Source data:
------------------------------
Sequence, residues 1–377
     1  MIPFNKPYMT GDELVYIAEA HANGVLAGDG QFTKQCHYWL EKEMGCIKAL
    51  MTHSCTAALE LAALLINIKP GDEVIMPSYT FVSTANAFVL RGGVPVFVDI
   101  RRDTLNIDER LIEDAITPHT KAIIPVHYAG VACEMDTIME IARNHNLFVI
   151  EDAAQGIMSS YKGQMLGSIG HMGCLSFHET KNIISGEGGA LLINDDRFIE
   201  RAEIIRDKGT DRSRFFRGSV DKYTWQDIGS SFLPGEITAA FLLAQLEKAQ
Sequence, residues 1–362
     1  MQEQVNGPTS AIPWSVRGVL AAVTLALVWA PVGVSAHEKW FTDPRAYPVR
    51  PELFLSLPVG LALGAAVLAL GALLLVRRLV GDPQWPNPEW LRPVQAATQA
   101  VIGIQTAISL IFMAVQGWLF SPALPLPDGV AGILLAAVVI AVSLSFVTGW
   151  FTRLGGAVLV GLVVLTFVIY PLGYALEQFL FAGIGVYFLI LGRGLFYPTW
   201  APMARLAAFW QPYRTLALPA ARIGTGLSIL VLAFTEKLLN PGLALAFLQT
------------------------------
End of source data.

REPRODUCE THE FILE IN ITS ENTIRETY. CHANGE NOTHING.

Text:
Sequence, residues 1–377
     1  MIPFNKPYMT GDELVYIAEA HANGVLAGDG QFTKQCHYWL EKEMGCIKAL
    51  MTHSCTAALE LAALLINIKP GDEVIMPSYT FVSTANAFVL RGGVPVFVDI
   101  RRDTLNIDER LIEDAITPHT KAIIPVHYAG VACEMDTIME IARNHNLFVI
   151  EDAAQGIMSS YKGQMLGSIG HMGCLSFHET KNIISGEGGA LLINDDRFIE
   201  RAEIIRDKGT DRSRFFRGSV DKYTWQDIGS SFLPGEITAA FLLAQLEKAQ
Sequence, residues 1–362
     1  MQEQVNGPTS AIPWSVRGVL AAVTLALVWA PVGVSAHEKW FTDPRAYPVR
    51  PELFLSLPVG LALGAAVLAL GALLLVRRLV GDPQWPNPEW LRPVQAATQA
   101  VIGIQTAISL IFMAVQGWLF SPALPLPDGV AGILLAAVVI AVSLSFVTGW
   151  FTRLGGAVLV GLVVLTFVIY PLGYALEQFL FAGIGVYFLI LGRGLFYPTW
   201  APMARLAAFW QPYRTLALPA ARIGTGLSIL VLAFTEKLLN PGLALAFLQT